NCPA - National Center for Policy Analysis

The Impending Decline of Coal

February 19, 2013

Natural gas is poised to replace coal as the most cost-effective fuel for electricity generation. Despite an abundance of coal, advances in hydrofracturing technology have precipitated a rise in natural gas production, which may lead to the decline of coal, say Carl Johnston, a senior fellow, Lewis Warne, a research associate, and H. Sterling Burnett, a senior fellow, at the National Center for Policy Analysis.

  • Over the last decade, net coal-fired electricity generation decreased 10 percent, while natural gas-fired generation increased 50 percent.
  • Proven gas reserves have increased 80 percent since 1990.
  • Oil and gas extraction employment has increased by 27.5 percent since 2008, whereas total nonfarm employment is down 3.4 percent.
  • Natural gas production increased from 0.38 trillion cubic feet in 2000 to 4.8 trillion cubic feet in 2010.
  • Natural gas prices have plummeted due to warm winters and increased production but analysts expect long-term prices to rise.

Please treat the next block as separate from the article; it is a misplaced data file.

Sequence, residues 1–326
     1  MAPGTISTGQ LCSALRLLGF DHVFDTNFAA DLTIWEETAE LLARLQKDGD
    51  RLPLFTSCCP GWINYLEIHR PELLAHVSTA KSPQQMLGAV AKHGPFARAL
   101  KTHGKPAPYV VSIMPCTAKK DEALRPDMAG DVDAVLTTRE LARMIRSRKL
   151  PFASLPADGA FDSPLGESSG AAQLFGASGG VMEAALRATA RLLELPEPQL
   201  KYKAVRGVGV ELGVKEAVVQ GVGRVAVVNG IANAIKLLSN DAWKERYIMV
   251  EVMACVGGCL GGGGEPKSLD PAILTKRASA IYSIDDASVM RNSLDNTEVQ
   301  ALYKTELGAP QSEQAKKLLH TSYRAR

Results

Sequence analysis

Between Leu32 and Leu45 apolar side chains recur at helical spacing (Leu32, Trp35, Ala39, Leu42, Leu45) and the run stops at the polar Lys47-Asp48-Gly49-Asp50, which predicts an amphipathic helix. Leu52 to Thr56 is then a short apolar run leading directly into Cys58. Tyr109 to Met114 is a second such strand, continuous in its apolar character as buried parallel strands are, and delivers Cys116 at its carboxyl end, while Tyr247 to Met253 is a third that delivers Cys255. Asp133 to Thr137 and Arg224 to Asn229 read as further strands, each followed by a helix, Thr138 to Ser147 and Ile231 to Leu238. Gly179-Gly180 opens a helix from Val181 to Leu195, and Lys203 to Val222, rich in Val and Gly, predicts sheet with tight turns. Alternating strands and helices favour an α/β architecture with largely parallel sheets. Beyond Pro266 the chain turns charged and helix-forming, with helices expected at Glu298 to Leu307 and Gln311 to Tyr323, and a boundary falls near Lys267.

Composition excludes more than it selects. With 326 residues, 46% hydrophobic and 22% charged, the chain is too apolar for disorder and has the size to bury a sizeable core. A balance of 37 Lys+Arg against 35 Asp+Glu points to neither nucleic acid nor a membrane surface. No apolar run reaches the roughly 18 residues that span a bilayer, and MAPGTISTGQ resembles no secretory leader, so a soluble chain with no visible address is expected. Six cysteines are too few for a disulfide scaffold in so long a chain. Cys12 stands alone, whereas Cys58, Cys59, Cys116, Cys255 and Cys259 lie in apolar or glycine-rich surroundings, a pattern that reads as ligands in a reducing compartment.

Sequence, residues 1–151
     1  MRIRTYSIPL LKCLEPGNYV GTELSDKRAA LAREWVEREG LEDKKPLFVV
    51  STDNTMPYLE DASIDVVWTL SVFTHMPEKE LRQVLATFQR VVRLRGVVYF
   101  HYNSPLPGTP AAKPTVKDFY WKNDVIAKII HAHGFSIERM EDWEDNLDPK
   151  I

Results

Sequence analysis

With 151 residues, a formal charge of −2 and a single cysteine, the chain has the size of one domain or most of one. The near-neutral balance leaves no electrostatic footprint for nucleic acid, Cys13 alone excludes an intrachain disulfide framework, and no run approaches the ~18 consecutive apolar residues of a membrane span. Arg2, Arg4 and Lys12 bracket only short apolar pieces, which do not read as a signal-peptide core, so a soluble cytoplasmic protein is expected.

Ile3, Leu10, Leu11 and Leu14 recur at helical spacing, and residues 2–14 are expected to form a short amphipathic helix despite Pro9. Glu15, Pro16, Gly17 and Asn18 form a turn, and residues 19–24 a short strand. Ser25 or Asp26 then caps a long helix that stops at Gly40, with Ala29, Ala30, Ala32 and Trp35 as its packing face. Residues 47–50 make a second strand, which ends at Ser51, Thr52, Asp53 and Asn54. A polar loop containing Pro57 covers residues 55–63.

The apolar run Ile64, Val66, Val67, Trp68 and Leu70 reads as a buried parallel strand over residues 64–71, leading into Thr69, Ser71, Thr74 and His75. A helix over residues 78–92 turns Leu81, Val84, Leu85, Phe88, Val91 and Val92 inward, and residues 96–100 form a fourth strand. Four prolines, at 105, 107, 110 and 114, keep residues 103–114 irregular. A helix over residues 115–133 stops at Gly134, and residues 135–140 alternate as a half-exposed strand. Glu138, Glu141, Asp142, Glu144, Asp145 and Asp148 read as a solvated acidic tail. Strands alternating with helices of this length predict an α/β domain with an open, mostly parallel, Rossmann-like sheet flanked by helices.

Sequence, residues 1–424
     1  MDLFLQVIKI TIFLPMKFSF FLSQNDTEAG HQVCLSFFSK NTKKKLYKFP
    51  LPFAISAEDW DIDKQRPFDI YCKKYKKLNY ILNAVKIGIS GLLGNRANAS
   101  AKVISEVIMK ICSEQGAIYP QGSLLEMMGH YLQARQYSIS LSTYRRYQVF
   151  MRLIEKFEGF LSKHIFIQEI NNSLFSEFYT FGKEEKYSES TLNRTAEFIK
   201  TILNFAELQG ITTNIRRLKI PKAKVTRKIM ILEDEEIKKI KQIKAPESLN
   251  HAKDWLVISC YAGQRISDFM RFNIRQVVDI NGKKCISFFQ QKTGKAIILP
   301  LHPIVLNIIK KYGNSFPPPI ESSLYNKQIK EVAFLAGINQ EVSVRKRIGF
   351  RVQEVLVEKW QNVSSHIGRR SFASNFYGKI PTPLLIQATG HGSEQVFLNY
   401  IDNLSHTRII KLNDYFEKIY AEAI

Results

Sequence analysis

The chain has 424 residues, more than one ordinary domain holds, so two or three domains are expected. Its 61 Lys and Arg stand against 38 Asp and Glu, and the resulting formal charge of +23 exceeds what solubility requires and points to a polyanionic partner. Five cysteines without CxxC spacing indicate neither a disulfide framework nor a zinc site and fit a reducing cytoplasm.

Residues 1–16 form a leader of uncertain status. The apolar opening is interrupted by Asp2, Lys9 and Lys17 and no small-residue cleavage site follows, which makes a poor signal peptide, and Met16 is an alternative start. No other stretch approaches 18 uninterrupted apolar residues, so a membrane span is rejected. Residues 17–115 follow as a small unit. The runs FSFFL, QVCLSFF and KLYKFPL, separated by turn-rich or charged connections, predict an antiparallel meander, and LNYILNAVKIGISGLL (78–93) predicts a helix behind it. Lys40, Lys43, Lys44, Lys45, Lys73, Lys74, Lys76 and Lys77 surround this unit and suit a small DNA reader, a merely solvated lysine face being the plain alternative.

Coal still dominates electric power production -- 42 percent of U.S. electricity generation was derived from coal in 2011 and some 93 percent of coal is used for electricity. About 31 percent of natural gas is used for electricity, another 28 percent is used as an industrial feedstock and nearly 33 percent of natural gas is used to heat homes and buildings.

  • Uncertain future market prices of gas make coal's relatively stable price attractive.
  • Many proposed coal plants are not being built and others are being shut down due to increasingly stringent Environmental Protection Agency regulations, which require coal-fired power plants to capture carbon emissions.
  • New clean air standards could force about 12 percent of current coal-fired capacity to disappear by 2020.

Disappearing coal-based electricity generation will cause consumers to pay more for electricity when the current natural gas glut abates and energy production costs are higher. The United States has 256 billion short tons of coal that could be extracted with current technology. At the 2011 pace of 4 billion short tons of coal consumed, coal will be abundant for many years.

Johnston, Warne and Burnett conclude that while the shale gas revolution is a good development, coal should not be abandoned or overregulated given its abundance and stable inexpensive price.

Source:  Carl Johnston, Lewis Warne and H. Sterling Burnett, "Coal: Beginning the Long Goodbye?" National Center for Policy Analysis, February 2013.


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